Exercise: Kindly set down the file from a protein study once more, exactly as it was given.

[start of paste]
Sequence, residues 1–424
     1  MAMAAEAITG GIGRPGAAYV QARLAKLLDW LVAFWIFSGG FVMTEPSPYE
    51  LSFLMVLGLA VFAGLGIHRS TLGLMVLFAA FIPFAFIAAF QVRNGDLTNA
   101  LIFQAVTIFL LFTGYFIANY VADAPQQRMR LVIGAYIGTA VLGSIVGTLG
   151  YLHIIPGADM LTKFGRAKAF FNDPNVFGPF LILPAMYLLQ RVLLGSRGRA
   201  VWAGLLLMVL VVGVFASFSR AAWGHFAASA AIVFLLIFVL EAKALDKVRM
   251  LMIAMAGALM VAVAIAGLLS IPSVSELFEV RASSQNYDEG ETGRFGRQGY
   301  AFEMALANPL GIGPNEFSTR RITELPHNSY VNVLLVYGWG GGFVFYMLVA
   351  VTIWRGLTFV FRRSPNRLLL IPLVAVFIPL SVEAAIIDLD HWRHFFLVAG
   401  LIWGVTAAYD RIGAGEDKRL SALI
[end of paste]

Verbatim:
Sequence, residues 1–424
     1  MAMAAEAITG GIGRPGAAYV QARLAKLLDW LVAFWIFSGG FVMTEPSPYE
    51  LSFLMVLGLA VFAGLGIHRS TLGLMVLFAA FIPFAFIAAF QVRNGDLTNA
   101  LIFQAVTIFL LFTGYFIANY VADAPQQRMR LVIGAYIGTA VLGSIVGTLG
   151  YLHIIPGADM LTKFGRAKAF FNDPNVFGPF LILPAMYLLQ RVLLGSRGRA
   201  VWAGLLLMVL VVGVFASFSR AAWGHFAASA AIVFLLIFVL EAKALDKVRM
   251  LMIAMAGALM VAVAIAGLLS IPSVSELFEV RASSQNYDEG ETGRFGRQGY
   301  AFEMALANPL GIGPNEFSTR RITELPHNSY VNVLLVYGWG GGFVFYMLVA
   351  VTIWRGLTFV FRRSPNRLLL IPLVAVFIPL SVEAAIIDLD HWRHFFLVAG
   401  LIWGVTAAYD RIGAGEDKRL SALI